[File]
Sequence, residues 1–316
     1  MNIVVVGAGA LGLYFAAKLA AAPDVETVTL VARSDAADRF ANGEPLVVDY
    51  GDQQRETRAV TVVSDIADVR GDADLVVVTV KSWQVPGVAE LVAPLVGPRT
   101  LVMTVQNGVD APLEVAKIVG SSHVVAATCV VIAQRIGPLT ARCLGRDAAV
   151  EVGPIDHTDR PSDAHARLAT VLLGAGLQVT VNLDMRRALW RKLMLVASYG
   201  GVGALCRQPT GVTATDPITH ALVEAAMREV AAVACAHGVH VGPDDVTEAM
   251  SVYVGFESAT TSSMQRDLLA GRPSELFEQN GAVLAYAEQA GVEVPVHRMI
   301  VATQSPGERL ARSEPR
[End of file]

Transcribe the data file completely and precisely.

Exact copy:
Sequence, residues 1–316
     1  MNIVVVGAGA LGLYFAAKLA AAPDVETVTL VARSDAADRF ANGEPLVVDY
    51  GDQQRETRAV TVVSDIADVR GDADLVVVTV KSWQVPGVAE LVAPLVGPRT
   101  LVMTVQNGVD APLEVAKIVG SSHVVAATCV VIAQRIGPLT ARCLGRDAAV
   151  EVGPIDHTDR PSDAHARLAT VLLGAGLQVT VNLDMRRALW RKLMLVASYG
   201  GVGALCRQPT GVTATDPITH ALVEAAMREV AAVACAHGVH VGPDDVTEAM
   251  SVYVGFESAT TSSMQRDLLA GRPSELFEQN GAVLAYAEQA GVEVPVHRMI
   301  VATQSPGERL ARSEPR